TGIF (19)

TGIF is a meme hosted weekly at GReads! that allows bloggers to answer a book-related question and to recap their reading week!

Question

Choose Your Next Read: How do you go about choosing what you read next?

Answer

Although various factors contribute to my decisions as to what I will read next—time restraints, friend recommendations, review requests—in the end, I read what I want to read.  Sometimes I’m in the mood for fantasy, sometimes I remember how much I used to love a particular author, sometimes I just want something happy and light.  I think I get the most out of a book when I am committed to it for the right reasons—not because I feel forced to read it.

TGIF (17)

TGIF is a meme hosted weekly at GReads! that allows bloggers to answer a book-related question and to recap their reading week!

Question

Feature a favorite book review you’ve written in the past that you feel deserves more love!

Answer

I think Suzanne Collins’s Underland Chronicles deserve a lot more love than they may be receiving.  It’s hard to compete with The Hunger Games trilogy, after all.  So, to spread the word about this fantastic series, I submit to you my review of the first book, Gregor the Overlander.

TGIF (16)

TGIF is a meme hosted weekly at GReads! that allows bloggers to answer a book-related question and to recap their reading week!

Question

Unexpected Books: Which books did you have reservations about reading, but ended up loving once you did?

Answer

Cinder by Marissa Meyer

I’ve probably said a million times that I was not too excited pre-release about the idea of cyborgs and “Cinderella” getting mashed together.  But this book is amazing! It is exciting, creative, and very human.  I’m sure there aren’t too many people I have to convince, though, since Cinder seems to be well-loved.  Look for my official review Sept. 8.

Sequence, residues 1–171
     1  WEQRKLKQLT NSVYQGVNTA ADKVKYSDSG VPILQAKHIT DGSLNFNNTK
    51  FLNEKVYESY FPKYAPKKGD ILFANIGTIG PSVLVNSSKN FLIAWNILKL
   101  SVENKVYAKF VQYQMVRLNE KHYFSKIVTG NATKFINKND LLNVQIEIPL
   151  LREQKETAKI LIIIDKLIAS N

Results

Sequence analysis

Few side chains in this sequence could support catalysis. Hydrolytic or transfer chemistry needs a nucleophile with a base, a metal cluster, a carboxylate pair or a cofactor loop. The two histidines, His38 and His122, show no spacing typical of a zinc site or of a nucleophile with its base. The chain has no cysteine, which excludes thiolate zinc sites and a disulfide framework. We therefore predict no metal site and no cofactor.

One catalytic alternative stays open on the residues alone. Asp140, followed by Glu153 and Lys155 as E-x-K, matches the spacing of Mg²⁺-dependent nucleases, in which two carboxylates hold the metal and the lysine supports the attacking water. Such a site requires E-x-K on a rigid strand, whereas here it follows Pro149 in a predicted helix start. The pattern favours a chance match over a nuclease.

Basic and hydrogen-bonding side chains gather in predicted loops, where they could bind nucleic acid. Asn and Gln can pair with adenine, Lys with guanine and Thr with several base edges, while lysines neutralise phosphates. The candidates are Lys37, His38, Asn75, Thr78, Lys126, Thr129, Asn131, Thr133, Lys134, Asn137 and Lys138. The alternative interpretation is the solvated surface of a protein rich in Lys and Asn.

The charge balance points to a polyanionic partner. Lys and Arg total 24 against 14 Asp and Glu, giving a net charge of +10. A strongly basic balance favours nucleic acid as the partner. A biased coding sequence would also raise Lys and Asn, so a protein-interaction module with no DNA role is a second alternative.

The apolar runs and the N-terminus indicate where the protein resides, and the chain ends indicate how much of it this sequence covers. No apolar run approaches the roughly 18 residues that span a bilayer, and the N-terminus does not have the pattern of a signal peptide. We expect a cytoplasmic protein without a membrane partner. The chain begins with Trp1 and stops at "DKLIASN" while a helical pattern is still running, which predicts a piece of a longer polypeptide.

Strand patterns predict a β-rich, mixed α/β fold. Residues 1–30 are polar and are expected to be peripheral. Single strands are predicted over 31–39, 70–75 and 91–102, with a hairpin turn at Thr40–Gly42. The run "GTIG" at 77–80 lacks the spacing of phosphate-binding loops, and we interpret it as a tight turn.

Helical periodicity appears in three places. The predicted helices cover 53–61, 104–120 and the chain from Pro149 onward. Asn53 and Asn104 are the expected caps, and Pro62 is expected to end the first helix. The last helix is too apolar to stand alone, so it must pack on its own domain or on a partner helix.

Graceling by Kristin Cashore

I never had anything particular against this book; I was just never intrigued by it.  Even after seeing reviews on several blogs, all I really knew was that it was a fantasy.  And even though fantasy is my favorite genre, that fact alone was not going to inspire me to read it.  The one good thing about waiting so long?  I got to read all three books in a row, since they had all been released!  I will now try reading just about anything Cashore writes.  Review scheduled for Oct. 1.

 

TGIF (15)

TGIF is a meme hosted weekly at GReads! that allows bloggers to answer a book-related question and to recap their reading week!

Question

Book Olympics: In the spirit of the Olympics, which books would you give the gold, silver, and bronze medals to? It can be from any genre, new or old.

Answer

I admit that I’m not entirely sure what this question means (room for creative interpretation!), but here are my picks:

GOLD: The Lord of the Rings by J. R. R. Tolkien

My all-time favorite book. Tolkien put years into writing it, the same way Olympic athletes put years into training. I think all his work paid off!

SILVER: The Night Circus by Erin Morgenstern

A haunting and lyrical debut.  I think we can expect more great things from Morgenstern.

BRONZE: Olympig! by Victoria Jamieson

A humorous picture book about the endearing pig Boomer. Our hero enters the Animal Olympics (in which athletes can compete in every event!) with a lot more spirit than talent.

       

TGIF (13)

TGIF is a meme hosted weekly at GReads! that allows bloggers to answer a book-related question and to recap their reading week!

Question

Best I’ve Read So Far: We’re half way through the year (crazy how time flies!), which top 3 books are the best you’ve read so far this year?

Answer